DC’s Digital First Bombshells Series Debuts with a Bang!

Load up! Ride hard! Blast off!

July 25th saw the release of DC's eagerly anticipated (by ME most of all!) Digital First series, Bombshells. Based on the popular premise of transforming iconic DC heroines into their 1940s pin-up girl counterparts, the line was first introduced to us via a clever cover campaign and subsequent merchandise push. The Bombshells proved popular enough to warrant a comic series and a second wave of merchandise.

As the driving force of Wonder Woman Wednesday, it should come as no surprise that I was a little disappointed that Wonder Woman would not be the first to star in the series; however, Batman seems to be the head of the pecking order these days, so I guess it makes sense to have the matriarch from the Bat-family kick off the festivities. When did Superman lose his clout? I bet it was gone with the panties. Anyways, Batwoman is first up to bat as the series swings into motion. The men are off to war, and the dames are left to fill their loafers. While the men fight the good fight, the women are left behind to deal with the bull$#!t, up to and including baseball teams. A League of Their Own meets Batman? Why not?

Writer and artist, respectively, Marguerite Bennett and Marguerite Sauvage bring the noise in the first of the three-part "Enlisted" storyline. I really believe this is the best .99 cents I've spent in a good long time. The story was fun and well paced with a refreshing point of view, and any writer that could work the line, "You mouthy broad!" into a comic these days is aces in my book. Oh. We miss you, Frank Miller! Oh. You'll be back for DK3? Groovy. Color me there!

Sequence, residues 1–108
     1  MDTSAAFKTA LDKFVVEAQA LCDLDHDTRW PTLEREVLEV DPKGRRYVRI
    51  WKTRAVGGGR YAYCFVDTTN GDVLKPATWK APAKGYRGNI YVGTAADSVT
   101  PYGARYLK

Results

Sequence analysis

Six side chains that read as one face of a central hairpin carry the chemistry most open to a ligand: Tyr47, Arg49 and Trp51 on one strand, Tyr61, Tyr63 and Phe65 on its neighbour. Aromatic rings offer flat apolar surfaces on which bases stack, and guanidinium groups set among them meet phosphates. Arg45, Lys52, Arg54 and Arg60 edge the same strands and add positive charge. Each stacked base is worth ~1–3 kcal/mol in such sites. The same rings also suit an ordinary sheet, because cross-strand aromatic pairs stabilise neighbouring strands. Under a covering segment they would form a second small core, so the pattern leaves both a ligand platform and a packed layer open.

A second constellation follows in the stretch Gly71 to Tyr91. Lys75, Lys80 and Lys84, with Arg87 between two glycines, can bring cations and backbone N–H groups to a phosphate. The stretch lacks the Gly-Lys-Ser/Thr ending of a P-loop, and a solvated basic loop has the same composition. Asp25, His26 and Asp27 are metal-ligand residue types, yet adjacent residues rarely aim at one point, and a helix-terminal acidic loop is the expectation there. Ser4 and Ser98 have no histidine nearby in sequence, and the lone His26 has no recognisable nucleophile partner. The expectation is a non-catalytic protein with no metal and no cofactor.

POSSIBLE SPOILERS BELOW

Even though it's almost embarrassingly common these days, being gay wasn't always such an open topic, least of all in the world of comic books. It was seldom if ever openly displayed or talked about. And, when it was, it was either derogatory, tongue in cheek, or with a hush, hush wink and nod. So, it was refreshing to see Batwoman (a.k.a. Kate Kane) and her partner in crime-fighting, police officer Maggie Sawyer, nonchalantly portrayed in a loving, domestic relationship. Ironically, John Byrne was responsible for a lot of those "Wink! Wink! Nudge! Nudge!" moments aforementioned. He was the creator of the biggest walk-in closet case, Northstar, after all.

I should also mention the lovely art of Marguerite Sauvage. She has a beautiful, flowing style and demure palette that lends itself well to the Bombshell motif. And, the irony of not only having a female writer/artist team on a high-profile book, but both with the not-so-common moniker, Marguerite? Go figure!

Playing baseball and fighting crime and all may seem like more than enough, but Mrs. and Mrs. Kane-Sawyer are looking for adventure, and find it they will, by way of an irresistible offer to help end WWII! And, just wait till you get a load of Bombshell Amanda Waller!

With a virtual plethora of femme fatales fit to be featured, it's safe to say (Embrace the pun.) this series has legs! I would love to see takes on characters that haven't had the Bombshell treatment yet. A Starfire Bombshell would be boss, with some fun, cheap-o, sci-fi movie angle. I think the format lends itself well as a good testing ground for the popularity of the characters. Then, they can make us the toys and the statues. Please! Please! Please! But, who wouldn't love these amazing pin-up gals? Well, it's safe to say, whichever direction this series takes, like a good member of The Jackson 5, I'll be there!

DC's Bombshells is on sale now digitally.

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